Not every case — or child — is the same, so it’s critical to really understand why your child doesn’t feel comfortable trying out something new, such as an extracurricular activity. Do they worry that they’ll look stupid because they’re not good at whatever the activity is? I find that to be an important issue for kids this age. Or perhaps it’s about likeability, and they worry that doing this new thing will make certain people not “like me,” or not think I’m “cool.” Or maybe deep down it’s an issue of authenticity — that they have some narrow sense of their identity and image (say, as an athlete), and this new activity (in the arts) just doesn’t fit this sense of themselves.

Of course, chances are it’s probably a lot of things your child is grappling with. The point, though, is that it’s essential to know. Ask questions. Inquire. Understand what the source of resistance is as a precursor for developing an action plan.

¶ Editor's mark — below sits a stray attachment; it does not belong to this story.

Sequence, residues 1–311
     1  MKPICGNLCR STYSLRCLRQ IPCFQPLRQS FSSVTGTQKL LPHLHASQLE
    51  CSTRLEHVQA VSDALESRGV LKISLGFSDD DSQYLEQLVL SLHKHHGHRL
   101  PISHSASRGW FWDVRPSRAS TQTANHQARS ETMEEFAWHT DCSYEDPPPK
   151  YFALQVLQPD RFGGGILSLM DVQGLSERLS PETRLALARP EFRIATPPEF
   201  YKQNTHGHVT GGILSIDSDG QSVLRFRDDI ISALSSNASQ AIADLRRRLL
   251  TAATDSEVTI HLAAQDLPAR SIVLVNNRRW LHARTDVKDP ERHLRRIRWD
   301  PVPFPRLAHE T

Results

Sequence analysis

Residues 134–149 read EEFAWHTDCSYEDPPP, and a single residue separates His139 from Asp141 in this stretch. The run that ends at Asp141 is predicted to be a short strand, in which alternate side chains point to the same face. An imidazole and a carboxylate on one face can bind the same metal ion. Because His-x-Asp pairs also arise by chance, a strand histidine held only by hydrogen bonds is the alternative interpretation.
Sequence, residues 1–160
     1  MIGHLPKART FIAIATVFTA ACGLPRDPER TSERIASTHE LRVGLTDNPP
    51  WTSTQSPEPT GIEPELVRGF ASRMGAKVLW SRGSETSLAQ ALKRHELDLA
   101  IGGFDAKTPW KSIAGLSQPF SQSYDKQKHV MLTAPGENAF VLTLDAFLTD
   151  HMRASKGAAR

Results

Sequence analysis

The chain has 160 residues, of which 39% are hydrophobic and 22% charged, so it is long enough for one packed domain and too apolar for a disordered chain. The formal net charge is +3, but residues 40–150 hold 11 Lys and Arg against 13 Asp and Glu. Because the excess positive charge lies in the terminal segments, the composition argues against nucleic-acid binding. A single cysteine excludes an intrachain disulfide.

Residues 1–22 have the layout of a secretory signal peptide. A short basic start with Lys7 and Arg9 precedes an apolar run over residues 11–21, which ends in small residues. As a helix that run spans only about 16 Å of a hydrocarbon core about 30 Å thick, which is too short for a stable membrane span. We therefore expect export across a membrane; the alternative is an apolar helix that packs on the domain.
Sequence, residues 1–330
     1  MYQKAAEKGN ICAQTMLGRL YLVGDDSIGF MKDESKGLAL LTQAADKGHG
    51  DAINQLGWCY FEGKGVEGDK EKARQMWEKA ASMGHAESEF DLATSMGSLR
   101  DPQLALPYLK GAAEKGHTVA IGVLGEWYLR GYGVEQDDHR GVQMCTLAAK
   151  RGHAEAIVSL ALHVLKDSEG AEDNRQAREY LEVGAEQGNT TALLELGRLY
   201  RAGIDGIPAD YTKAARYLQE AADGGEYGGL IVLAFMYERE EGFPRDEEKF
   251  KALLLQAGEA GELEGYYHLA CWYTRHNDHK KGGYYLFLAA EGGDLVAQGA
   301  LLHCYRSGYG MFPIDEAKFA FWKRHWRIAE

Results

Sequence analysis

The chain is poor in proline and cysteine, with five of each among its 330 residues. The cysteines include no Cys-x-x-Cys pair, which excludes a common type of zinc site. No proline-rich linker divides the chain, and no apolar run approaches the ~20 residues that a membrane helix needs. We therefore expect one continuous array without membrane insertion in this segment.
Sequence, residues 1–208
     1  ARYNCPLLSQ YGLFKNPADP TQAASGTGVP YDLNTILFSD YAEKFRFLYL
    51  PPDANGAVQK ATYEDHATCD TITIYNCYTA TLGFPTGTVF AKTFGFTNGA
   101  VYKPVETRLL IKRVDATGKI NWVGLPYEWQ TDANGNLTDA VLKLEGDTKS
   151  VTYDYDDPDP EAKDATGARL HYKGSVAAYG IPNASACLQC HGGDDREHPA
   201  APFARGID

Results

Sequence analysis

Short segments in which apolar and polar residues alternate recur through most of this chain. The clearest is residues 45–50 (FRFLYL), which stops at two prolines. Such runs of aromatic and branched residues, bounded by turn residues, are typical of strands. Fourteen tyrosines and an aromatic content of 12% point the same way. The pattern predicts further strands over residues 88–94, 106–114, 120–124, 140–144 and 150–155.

2. Help your child take “just right” steps.
You probably have heard of the idea of a “just right” book — something that’s just the right fit for a child’s current reading level, that’s enough to help them continue building new skills but not too much to overwhelm. The same logic applies to other situations outside their comfort zones. Help your child find “just right” circumstances to take that initial leap into a new activity. Maybe the key is introducing him or her to the theater director the week before to get a sense of the activity and have a friendly face in the crowd on the very first day. Perhaps it’s trying the activity with a friend. Or maybe it’s starting with a one-week sleepaway camp tryout, before committing to the full 3.5- or 7-week summer session. Whatever the case might be, remember you often have the ability to help your child “customize” these initial experiences in small, but meaningful ways … not necessarily to remove the stress entirely, but to make it more tolerable and increase the chances of an early positive experience.

3. Help your child develop a growth mindset.